SRK to Anupam Kher, Bollywood has shown some spine
Hindi film stars, unlike their counterparts from the south, have seldom gone beyond a point when it comes to taking a stand.
- Total Shares
Popular Hindi cinema and the people who are a part of it have seldom displayed a political stand as clear as some of them have in the recent past. We have been so used to expecting a safe stance when it comes to matters both on and off screen from actors or filmmakers that when a Shah Rukh Khan speaks his mind on the growing intolerance in the society or an Anupam Kher leads a march to reaffirm India’s tolerance compass, we can’t help but notice the appearance of a spine amongst other celebrated anatomical parts of these stars.
Kher’s "March for India" was a response to writers' decision to return their Sahitya Akademi awards, and that of some individuals from the film fraternity to return their national awards as a mark of protest to the growing social intolerance. Filmmakers including Dibakar Banerjee (Khosla ka Ghosla), Harshwardhan Kulkarni (Hunterr) as well as documentary filmmakers Anand Patwardhan (Jai Bhim Comrade), Rakesh Sharma (Final Solution) and Nishtha Jain (Gulaabi Gang) had also cited support and solidarity to the striking students of the Film and Television Institute of India (the strike has since been withdrawn).
In the hullaballoo that followed most interviews at press junkets, or film or literary festivals, or any place where a filmmaker/actor, who had won a national award was sighted, the filmmaker/actor was asked whether he/she, too, would return the award. Some like Kamal Haasan flatly refused by saying that in his opinion this wasn’t the best way to show dissent. While filmmaker and screenwriter Zoya Akhtar said she "would have given up national award if I had it", the four-time national award winner Kamal Haasan questioned the motive of the actions and added that Mahatma Gandhi didn’t give up his British degree while opposing them. He also added that a jury and not the government gave these awards and he wouldn’t want to insult the jury.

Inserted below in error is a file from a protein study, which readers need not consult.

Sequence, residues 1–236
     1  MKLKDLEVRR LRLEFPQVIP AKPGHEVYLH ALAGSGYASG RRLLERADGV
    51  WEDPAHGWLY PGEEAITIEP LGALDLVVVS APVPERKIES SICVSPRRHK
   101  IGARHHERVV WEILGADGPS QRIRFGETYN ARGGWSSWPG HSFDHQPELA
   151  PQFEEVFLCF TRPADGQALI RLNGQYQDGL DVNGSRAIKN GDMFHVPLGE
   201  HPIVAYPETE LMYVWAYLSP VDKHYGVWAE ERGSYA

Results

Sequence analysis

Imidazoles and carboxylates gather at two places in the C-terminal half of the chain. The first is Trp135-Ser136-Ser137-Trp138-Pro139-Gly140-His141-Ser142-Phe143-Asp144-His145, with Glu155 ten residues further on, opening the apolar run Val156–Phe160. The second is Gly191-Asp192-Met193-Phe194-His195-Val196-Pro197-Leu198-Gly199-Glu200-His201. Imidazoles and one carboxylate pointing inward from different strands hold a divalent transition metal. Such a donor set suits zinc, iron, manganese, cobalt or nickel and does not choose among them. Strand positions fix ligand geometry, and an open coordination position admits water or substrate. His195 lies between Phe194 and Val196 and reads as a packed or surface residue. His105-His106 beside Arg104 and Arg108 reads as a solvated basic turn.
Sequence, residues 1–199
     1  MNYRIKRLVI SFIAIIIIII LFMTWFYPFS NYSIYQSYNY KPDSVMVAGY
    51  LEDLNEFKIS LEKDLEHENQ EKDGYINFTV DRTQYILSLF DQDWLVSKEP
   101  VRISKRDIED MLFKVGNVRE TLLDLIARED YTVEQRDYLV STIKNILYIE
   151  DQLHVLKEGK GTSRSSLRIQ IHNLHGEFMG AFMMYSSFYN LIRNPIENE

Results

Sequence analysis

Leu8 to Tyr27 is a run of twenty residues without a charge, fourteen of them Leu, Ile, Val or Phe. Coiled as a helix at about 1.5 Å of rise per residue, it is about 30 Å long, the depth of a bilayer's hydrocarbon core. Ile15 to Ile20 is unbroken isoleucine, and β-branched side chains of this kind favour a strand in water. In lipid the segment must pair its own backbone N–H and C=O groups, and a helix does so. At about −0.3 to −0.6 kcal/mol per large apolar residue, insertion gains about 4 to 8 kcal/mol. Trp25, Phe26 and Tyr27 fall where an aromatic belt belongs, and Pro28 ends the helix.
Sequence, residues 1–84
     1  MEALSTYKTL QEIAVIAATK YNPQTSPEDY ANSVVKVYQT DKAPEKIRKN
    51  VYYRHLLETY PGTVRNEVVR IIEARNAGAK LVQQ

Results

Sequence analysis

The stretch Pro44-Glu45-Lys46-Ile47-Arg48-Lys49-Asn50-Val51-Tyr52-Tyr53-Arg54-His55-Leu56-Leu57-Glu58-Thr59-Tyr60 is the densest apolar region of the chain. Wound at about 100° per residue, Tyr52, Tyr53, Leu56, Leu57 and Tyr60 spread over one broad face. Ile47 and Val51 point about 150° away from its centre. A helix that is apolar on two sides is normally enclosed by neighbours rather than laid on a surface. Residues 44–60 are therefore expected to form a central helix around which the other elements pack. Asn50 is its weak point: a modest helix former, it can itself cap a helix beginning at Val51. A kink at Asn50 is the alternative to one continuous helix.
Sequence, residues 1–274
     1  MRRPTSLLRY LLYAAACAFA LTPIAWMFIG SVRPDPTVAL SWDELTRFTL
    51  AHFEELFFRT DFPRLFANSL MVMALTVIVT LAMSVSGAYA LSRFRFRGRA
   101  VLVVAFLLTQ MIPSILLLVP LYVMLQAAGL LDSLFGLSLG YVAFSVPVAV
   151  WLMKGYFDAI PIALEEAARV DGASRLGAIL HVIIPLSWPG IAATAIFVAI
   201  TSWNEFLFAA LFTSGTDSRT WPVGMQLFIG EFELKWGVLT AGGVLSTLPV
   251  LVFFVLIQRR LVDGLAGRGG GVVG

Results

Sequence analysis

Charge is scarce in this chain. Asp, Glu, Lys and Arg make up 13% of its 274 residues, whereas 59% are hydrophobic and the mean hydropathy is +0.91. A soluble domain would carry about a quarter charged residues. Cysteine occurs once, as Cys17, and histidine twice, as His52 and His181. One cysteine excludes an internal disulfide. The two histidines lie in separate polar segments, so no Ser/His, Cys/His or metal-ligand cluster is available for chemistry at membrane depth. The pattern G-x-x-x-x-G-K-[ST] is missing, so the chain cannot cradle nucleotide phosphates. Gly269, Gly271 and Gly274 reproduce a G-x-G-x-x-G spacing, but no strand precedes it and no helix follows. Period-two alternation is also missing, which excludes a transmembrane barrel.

Kher’s decision to mobilise and lead the counter "tolerance" march has been lauded by some and criticised by some. The people who showed up for the "March For Freedom" were largely those who believed that the campaign to smear the Central government and the general image of India as a place for global investment has been fanned by a handful of vested interests. Argumentatively, Kher does have a major point. The present government’s high-handedness may be the reason behind intolerance towards those expressing any kind of an opposing view, but if India was truly resembling a totalitarian state, which some opinions seem to suggest, then would the media be free to openly criticise it on a daily basis? Reading the headlines today seems like India has all of sudden become one of those Eastern Bloc nations before the fall of the "Iron Curtain" and that these voices are the ones that have escaped the oppressive regime.
One of the reasons Kher undertook the march was to send a message that the perception of India in international fora is being affected because it was being branded intolerant. For good or worse the actor compared past incidents such as the Emergency and the exodus of Kashmiri Pandits to the present scenario and questioned what was today’s level of intolerance being compared to. Those who witnessed the Emergency would vouch that anyone who had a contrarian view to that of the Indira Gandhi government, which imposed the Emergency, found themselves at the receiving end of the state’s wrath. The entire Opposition was jailed along with journalists who refused to toe the line and even the film business wasn’t spared.